Trajectories of depressive symptoms before diagnosis of dementia: a 28-year follow-up study
Singh-Manoux A., Dugravot A., Fournier A., Abell J., Ebmeier KP., Kivimaki M., Sabia S.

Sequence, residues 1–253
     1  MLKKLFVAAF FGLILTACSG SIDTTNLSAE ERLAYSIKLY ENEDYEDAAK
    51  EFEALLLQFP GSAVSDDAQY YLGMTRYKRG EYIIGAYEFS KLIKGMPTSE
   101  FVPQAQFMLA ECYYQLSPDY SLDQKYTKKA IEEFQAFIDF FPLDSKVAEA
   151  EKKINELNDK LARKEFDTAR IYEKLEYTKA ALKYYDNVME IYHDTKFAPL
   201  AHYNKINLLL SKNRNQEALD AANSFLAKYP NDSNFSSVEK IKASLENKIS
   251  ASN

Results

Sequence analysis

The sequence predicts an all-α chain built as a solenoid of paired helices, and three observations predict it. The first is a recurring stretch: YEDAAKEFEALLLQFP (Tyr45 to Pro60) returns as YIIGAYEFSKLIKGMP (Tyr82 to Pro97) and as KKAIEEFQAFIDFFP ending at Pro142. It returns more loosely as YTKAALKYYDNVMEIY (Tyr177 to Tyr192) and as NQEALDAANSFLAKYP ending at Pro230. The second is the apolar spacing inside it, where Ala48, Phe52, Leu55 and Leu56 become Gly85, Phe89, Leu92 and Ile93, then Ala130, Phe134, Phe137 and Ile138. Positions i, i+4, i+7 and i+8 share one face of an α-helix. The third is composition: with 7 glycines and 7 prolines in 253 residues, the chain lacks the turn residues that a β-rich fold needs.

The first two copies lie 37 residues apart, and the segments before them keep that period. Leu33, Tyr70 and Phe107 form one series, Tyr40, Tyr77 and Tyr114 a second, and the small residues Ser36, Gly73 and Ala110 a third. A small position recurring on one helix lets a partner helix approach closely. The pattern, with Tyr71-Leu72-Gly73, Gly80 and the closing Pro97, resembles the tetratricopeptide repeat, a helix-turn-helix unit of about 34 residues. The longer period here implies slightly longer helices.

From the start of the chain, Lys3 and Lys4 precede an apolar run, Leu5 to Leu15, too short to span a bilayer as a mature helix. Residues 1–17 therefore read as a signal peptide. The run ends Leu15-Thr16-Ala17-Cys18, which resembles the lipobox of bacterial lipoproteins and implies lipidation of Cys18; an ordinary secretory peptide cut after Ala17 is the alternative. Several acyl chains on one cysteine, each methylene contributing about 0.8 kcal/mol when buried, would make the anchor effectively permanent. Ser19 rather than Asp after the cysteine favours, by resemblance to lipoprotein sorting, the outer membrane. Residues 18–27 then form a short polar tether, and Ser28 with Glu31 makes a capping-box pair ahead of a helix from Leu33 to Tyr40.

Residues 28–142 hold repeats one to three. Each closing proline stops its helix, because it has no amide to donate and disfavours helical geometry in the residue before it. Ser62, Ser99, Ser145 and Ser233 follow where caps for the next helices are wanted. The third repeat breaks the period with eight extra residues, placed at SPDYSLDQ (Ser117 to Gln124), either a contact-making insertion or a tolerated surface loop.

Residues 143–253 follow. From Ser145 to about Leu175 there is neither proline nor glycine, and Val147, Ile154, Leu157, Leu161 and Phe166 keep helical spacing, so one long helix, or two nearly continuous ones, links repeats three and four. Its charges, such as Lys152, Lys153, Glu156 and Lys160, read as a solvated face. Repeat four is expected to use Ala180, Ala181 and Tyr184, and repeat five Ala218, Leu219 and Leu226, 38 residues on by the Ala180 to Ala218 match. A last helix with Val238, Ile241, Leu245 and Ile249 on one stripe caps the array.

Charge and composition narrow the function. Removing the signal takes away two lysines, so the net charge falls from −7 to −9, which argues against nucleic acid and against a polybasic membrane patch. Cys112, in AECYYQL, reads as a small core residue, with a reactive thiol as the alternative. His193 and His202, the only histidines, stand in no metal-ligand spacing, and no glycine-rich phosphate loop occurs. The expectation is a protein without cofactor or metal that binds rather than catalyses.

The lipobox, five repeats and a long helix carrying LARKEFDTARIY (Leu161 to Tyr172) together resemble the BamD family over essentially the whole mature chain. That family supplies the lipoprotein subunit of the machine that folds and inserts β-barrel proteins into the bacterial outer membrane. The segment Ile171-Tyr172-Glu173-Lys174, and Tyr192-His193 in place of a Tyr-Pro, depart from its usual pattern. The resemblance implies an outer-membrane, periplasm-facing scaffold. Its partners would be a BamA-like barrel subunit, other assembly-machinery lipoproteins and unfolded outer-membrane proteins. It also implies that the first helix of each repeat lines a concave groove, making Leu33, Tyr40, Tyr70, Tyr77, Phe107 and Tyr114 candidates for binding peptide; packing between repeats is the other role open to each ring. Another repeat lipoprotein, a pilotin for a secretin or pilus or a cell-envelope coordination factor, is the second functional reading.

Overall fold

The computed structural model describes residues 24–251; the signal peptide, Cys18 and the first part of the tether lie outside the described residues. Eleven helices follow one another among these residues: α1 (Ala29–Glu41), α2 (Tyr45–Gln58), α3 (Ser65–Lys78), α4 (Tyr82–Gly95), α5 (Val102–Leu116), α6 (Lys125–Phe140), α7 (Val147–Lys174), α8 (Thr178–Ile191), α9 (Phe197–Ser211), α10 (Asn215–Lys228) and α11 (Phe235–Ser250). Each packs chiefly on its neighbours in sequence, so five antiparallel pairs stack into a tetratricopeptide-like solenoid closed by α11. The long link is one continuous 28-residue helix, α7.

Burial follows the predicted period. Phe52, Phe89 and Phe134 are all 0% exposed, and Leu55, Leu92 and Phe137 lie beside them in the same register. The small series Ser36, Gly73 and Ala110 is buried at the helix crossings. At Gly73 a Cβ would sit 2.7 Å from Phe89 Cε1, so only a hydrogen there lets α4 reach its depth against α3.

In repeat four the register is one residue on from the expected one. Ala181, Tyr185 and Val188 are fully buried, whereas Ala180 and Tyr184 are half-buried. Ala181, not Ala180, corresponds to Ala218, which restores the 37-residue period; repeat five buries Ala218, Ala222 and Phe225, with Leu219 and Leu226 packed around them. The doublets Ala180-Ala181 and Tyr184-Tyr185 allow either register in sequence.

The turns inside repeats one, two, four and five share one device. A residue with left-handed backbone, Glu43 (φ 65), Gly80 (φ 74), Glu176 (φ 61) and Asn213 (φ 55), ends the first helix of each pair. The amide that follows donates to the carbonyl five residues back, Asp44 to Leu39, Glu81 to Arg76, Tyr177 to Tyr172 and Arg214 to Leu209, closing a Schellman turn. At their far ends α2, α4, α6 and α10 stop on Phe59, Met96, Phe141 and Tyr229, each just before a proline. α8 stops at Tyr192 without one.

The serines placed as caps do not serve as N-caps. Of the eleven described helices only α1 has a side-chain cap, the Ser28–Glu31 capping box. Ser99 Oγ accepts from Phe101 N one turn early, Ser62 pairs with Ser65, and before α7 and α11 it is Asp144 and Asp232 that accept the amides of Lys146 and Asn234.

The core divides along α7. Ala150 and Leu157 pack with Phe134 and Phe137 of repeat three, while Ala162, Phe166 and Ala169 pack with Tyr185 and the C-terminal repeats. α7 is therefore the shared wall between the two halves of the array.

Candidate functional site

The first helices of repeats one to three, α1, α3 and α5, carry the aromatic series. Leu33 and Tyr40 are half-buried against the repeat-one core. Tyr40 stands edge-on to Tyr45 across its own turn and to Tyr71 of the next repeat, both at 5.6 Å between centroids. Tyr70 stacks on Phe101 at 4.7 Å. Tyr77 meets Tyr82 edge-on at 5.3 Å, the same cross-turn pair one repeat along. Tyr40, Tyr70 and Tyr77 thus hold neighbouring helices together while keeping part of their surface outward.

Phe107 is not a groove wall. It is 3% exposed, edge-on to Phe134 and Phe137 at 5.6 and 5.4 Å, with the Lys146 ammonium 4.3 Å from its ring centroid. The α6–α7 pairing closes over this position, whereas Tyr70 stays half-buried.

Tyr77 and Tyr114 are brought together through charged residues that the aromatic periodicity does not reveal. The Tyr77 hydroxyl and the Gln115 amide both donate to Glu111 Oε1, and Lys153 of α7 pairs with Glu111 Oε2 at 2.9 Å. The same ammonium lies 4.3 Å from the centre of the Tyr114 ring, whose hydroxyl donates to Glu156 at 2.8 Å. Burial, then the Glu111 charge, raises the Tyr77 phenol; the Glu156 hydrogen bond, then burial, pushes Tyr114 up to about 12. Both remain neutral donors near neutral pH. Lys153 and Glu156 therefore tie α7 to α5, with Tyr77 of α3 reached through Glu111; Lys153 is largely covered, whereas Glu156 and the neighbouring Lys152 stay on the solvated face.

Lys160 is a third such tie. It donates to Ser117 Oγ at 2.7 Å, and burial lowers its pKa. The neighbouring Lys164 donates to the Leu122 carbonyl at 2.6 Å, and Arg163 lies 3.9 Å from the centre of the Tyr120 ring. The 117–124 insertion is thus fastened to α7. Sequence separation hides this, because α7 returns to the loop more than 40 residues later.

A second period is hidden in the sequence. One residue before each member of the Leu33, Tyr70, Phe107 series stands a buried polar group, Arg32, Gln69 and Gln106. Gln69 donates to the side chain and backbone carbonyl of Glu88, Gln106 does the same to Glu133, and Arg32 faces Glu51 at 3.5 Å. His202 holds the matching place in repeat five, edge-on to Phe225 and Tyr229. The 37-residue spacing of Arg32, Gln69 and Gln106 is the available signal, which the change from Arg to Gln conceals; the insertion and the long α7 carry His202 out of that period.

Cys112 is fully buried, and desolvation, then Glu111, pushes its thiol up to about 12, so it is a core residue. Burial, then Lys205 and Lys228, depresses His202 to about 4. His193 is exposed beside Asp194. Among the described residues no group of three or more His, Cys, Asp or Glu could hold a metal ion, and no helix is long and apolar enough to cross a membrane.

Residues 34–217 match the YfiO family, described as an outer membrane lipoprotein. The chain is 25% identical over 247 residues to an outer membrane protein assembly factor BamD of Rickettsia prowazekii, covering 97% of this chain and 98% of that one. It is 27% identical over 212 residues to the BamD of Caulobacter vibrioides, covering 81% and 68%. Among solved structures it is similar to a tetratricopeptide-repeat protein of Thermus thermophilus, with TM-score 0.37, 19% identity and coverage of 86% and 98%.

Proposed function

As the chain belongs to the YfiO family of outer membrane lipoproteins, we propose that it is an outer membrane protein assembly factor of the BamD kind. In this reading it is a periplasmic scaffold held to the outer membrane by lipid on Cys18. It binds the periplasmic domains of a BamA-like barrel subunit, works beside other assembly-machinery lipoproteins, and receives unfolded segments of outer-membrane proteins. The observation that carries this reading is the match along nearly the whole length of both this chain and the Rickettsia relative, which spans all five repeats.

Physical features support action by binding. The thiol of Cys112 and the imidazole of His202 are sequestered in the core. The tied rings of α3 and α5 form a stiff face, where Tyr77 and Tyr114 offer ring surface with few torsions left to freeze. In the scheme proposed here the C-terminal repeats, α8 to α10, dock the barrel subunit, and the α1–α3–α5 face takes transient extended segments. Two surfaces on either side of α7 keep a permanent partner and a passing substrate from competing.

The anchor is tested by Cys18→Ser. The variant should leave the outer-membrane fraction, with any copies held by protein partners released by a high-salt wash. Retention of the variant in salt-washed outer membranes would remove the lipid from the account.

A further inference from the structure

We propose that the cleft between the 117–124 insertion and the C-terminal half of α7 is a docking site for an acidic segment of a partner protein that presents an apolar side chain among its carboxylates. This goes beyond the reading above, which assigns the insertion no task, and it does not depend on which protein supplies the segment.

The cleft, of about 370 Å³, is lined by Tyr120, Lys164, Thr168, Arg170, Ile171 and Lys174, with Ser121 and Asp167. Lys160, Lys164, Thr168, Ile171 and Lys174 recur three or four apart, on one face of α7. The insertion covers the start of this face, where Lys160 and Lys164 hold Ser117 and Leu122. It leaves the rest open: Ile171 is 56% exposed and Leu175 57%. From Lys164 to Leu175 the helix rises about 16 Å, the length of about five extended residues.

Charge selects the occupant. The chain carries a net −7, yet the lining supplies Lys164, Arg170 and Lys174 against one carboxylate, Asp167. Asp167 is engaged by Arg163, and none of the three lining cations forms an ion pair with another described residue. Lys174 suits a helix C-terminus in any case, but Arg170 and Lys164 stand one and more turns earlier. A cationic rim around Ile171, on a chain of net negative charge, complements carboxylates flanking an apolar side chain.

Importance: Neuropsychiatric symptoms, depressive symptoms in particular, are common in dementia patients but whether depressive symptoms in adulthood increases risk for dementia remains the subject of debate. Objective: To characterize the trajectory of depressive symptoms over 28 years prior to dementia diagnosis in order to determine whether depressive symptoms carry risk for dementia. Design: Whitehall II cohort study, study recruitment in 1985 and end of follow-up 2015. Setting General community, United Kingdom. Participants Up to 10,189 persons (33% women), aged 35-55 years in 1985. Exposures Depressive symptoms, assessed on 9 occasions between 1985 and 2012 using the General Health Questionnaire (GHQ-30). Main Outcome(s) and Measure(s) Incidence of dementia (N=322), between 1985 and 2015. Results: Those reporting depressive symptoms in 1985 (mean follow-up 27 years) did not have significantly increased risk of dementia (Hazard Ratio (HR)=1.21; 95% CI: 0.95, 1.54) in Cox regression adjusted for sociodemographic covariates, health behaviors, and chronic conditions. However, those with depressive symptoms in 2003 (mean follow-up 11 years) had an increased risk (HR=1.72; 95% CI: 1.21, 2.44). Those with chronic/recurring depressive symptoms (≥2 of 3 occasions) in the early study phase (mean follow-up 22 years) did not have excess risk (HR=1.02; 95% CI: 0.72, 1.44) but those with chronic/recurring symptoms in the late phase (mean follow-up 11 years) did have higher risk of dementia (HR=1.67; 95% CI: 1.11, 2.49). Analysis of retrospective depressive trajectories over 28 years, using mixed models and a backward time scale, shows that in those with dementia, differences in depressive symptoms compared to those without dementia became apparent 11 years (difference 0.61, p=0.02) before dementia diagnosis and became over nine times larger at the year of diagnosis (difference 5.81, p<0.001). Conclusions: Depressive symptoms in the early phase of the study corresponding to midlife, even when chronic/recurring, do not increase risk of dementia. Along with our analysis of depressive trajectories over 28 years, these results suggest that depressive symptoms are a prodromal feature of dementia or that the two share common causes. The findings do not support the hypothesis that depressive symptoms increase risk of dementia.